Locating the sources of radio signals has long been a military goal. Guardrail, one of the key predecessors of modern phone geolocation systems, was first used in Germany in 1971 to monitor Soviet troop movements in Eastern Europe. Still in use today, Guardrail employs three piloted Beechcraft C-12 Huron aircraft flying in orchestrated patterns to intercept selected low-, mid-, and high- band radio signals.105 Data from the three aircraft are sent back to ground stations, which then calculate the location of the "emitter."
Unfortunately, flying multiple drones in orchestrated patterns is not easy when the pilots are on the other side of the world. Rather than rely on three imperfect drone readings, then, analysts sometimes request help from the National Reconnaissance Office’s (NRO) dedicated military satellites.
The details of such support are not public, but there is some evidence it might come from a secretive program: Airborne Overhead Cooperative Operations (AOCO).
"AOCO helps … provide the warfighter with near real-time, enhanced geolocations on high-priority tactical missions," Frank Calvelli, the NRO principal deputy director, told a U.S. Congressional hearing in March 2016.106 "In 2015, AOCO improved geolocation accuracy by 75 percent over single sensors, and reduced specific mission planning analysis times by 90 percent." An NSA document leaked by Edward Snowden and published in The Intercept, also suggests that the NRO’s Mission 7600 satellites can collect phone locations.107 (These satellites also help spy on Middle East internet cafes, which rely on VSAT dish systems. In places where mobile data is slow, these cafes are sometimes the only way to get online.)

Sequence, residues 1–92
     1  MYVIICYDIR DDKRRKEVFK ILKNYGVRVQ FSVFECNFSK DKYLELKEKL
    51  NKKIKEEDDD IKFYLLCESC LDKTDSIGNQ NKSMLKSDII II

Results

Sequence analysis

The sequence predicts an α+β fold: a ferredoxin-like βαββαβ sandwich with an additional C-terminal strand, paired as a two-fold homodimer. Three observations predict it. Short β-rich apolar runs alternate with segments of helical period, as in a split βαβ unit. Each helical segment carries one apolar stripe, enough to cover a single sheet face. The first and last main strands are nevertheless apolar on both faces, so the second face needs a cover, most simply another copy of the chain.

Modeling A Better System
Literature on the accuracy of drone geolocation of phones is somewhat sparse because of the clandestine nature of this kind of research. (By comparison, drone hobbyists have easy access to video, radar and infrared technology, and thus to data.) But it is clear from publicly available military research that one drone, flying alone, cannot reliably track mobile phones below.
Kimberly Hale, who now works as an operations research analyst for the Air Force, provided some insight in her 2012 master’s thesis for the Rand Corporation. She said that the military needed to upgrade its drone fleet to T/FDOA (time/ frequency-difference-of-arrival).108